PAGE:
As the reader may have already guessed, the link between the seemingly disparate tales of the Singers and Gursky turns out to be the name Alma. Alma Singer was named after the Alma in Gursky’s book. Alma Singer’s father, an Israeli, bought the plagiarized Spanish version in a Buenos Aires bookshop and gave it to Charlotte, his English wife-to-be, whom he had met on a kibbutz. He read it to her aloud, translating into Hebrew or English, but soon Charlotte learned Spanish in order to be able to read it herself. This turned out to be a useful decision. She became a professional translator while living in Tel Aviv and continued to translate from the Spanish after she and her husband moved to the US, where Alma was born. Much later, when Charlotte was already a widow, one of her translations, of the Chilean poet Nicanor Parra, came into the hands of someone calling himself Jacob Marcus, who wrote to her asking that she translate The History of Love (a “slim volume”) into English for his own use, offering the astonishing fee of $100,000. Marcus explained that he had read her translation of Parra and had noticed that in her introduction to the poems, she had mentioned, he said,

a little-known writer, Zvi Litvinoff, who escaped from Poland to Chile in 1941, and whose single published work, written in Spanish, is called The History of Love…. Maybe if I tell you that a very long time ago someone once read to me as I was falling asleep a few pages from a book called The History of Love, and that all these years later I haven’t forgotten that night, or those pages, you’d understand.

Charlotte accepts his proposal and starts sending him installments of her translation. Not surprisingly, Alma thinks this generous patron is a likely candidate for her mother’s affections. She begins a secret correspondence with him, signing her mother’s name to the letters. She wants to find out who he is. Dogged sleuthing in official record offices leads her to the truth. Jacob Marcus is a name being used by Isaac Moritz, the writer to whom Gursky mailed his second book (and it is also the name of a character in one of Moritz’s novels). But Moritz dies just before Alma is able to zero in on him.

Now the plot thickens. Isaac Moritz turns out to be Gursky’s son. We know from Gursky’s account that the Alma of History was a real person, his sweetheart in Slonim; she is the only woman he has ever loved. Moreover, unbeknownst to herself and Gursky, she was pregnant with Gursky’s child when she left Poland in 1939; her shoemaker father “was shrewd enough to scrounge together all the zloty he had to send his youngest daughter to America.” In 1940 she gave birth to Gursky’s child, which did not discourage Mordechai Moritz—the son of the owner of the dress factory in which she works—from marrying her in 1942 and naming the boy Isaac Moritz. When Gursky rushes to see her upon his arrival in New York in 1945, he finds out both about her child and about her marriage to Mordechai, with whom she has had another son.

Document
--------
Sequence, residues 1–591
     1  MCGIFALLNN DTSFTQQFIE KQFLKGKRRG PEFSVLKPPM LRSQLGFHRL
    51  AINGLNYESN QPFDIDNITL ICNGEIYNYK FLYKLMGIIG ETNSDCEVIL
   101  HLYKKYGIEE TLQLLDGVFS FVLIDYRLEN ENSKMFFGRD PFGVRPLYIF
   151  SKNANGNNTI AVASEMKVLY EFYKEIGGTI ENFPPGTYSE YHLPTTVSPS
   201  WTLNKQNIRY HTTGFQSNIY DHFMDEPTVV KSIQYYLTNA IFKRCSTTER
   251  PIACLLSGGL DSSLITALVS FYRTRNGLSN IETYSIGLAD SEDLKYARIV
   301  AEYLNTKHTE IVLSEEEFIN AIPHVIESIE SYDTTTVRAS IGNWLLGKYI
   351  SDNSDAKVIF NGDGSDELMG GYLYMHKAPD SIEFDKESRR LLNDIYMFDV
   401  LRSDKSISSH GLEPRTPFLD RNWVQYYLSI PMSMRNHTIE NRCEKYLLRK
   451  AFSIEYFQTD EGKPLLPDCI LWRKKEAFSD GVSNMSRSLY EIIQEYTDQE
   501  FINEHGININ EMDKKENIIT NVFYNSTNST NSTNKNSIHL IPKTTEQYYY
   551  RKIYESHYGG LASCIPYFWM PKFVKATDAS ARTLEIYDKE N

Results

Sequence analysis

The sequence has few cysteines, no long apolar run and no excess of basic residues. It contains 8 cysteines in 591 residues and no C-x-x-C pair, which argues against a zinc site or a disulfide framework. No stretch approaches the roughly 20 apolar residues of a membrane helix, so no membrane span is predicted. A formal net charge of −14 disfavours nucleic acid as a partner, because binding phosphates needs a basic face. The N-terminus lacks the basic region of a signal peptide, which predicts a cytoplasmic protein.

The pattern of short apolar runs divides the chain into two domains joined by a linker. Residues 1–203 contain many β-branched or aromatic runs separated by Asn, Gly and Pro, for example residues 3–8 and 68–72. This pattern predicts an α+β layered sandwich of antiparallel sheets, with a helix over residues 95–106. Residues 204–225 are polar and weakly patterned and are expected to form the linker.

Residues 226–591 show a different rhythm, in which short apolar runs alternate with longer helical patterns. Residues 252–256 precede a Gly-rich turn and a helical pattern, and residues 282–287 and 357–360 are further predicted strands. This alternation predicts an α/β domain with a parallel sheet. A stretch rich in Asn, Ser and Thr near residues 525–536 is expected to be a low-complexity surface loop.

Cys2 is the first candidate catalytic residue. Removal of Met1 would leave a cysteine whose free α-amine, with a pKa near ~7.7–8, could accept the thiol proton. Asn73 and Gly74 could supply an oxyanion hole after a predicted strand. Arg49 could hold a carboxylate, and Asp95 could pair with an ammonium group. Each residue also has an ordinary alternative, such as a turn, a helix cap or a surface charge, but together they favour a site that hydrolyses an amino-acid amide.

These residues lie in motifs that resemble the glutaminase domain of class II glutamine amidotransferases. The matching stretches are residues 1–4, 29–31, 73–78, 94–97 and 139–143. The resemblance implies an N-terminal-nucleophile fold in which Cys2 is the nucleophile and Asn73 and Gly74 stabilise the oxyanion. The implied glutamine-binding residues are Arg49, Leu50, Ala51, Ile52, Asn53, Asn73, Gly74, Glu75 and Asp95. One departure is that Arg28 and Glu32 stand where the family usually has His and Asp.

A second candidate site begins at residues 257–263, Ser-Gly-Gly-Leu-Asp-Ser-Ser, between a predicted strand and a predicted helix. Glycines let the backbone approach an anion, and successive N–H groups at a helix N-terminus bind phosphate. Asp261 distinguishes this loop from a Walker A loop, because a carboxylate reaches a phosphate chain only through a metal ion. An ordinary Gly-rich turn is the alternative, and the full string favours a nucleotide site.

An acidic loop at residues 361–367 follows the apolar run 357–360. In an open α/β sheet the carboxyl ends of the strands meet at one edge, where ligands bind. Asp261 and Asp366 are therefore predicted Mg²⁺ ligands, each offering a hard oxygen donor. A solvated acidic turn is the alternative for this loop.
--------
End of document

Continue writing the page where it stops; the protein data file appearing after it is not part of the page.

Alma tells Gursky that she wrote to him in Poland as soon as she found out that she was pregnant, and waited for Gursky’s reply, but none came. However, Alma did receive other letters from Gursky, containing portions of his book; in one he “copied eleven chapters in tiny handwriting.” The pages that Alma read to Isaac Moritz in Yiddish as a child, the memory of which led him to commission the translation of History, must have been from those excerpts. Alma never told Isaac about Gursky, neither that he was his father nor that he was the real author of the work that now haunts him. Nevertheless, after his mother’s death in 1995, he began to suspect that there had been in her life someone other than the man he considers his father.

Gursky meanwhile has been secretly keeping an eye on Isaac Moritz and his mother for forty-five years, and has become one of his son’s fans. He yearns to make himself known to Moritz, and he finally sends him the manuscript of his English-language book Words, assuming that something in the text will open Moritz’s eyes to the truth. Naturally, with each passing day Gursky grows more impatient for a word of recognition from Mor-itz. None comes. Instead, in a Starbucks, Gursky reads Isaac Moritz’s obituary in another customer’s newspaper. He is dead at sixty, of Hodgkin’s disease.

Gursky desperately wants to know whether his son read the manuscript before he died. An ambiguous and unexpected answer comes a short while later, in October 2000, in the form of the publication of an excerpt from Words, “only edited a little here and there” in a magazine that faintly resembles The New Yorker. Isaac Moritz is named as the author of this piece, which is described as “part of his last manuscript.” Astonished, Gursky telephones the magazine’s fiction department and is told that the entire novel by Moritz will be published in January 2001 by the publishers of Moritz’s previous novels. Gursky asks whether the novel is “any good.” “Some people,” he is told, “say it’s one of his best.” It seems that the manuscript, unsigned, was among Moritz’s papers when he died, and was simply assumed to be an unpublished work. Gursky asks himself whether, if such is the case, Moritz had read it. It “dawned” on him that it was, after all,

  1. *

    A lamed vovnik is one of the thirty-six just who, according to Talmudic tradition, are born in each generation of Jews and are the soul of the universe.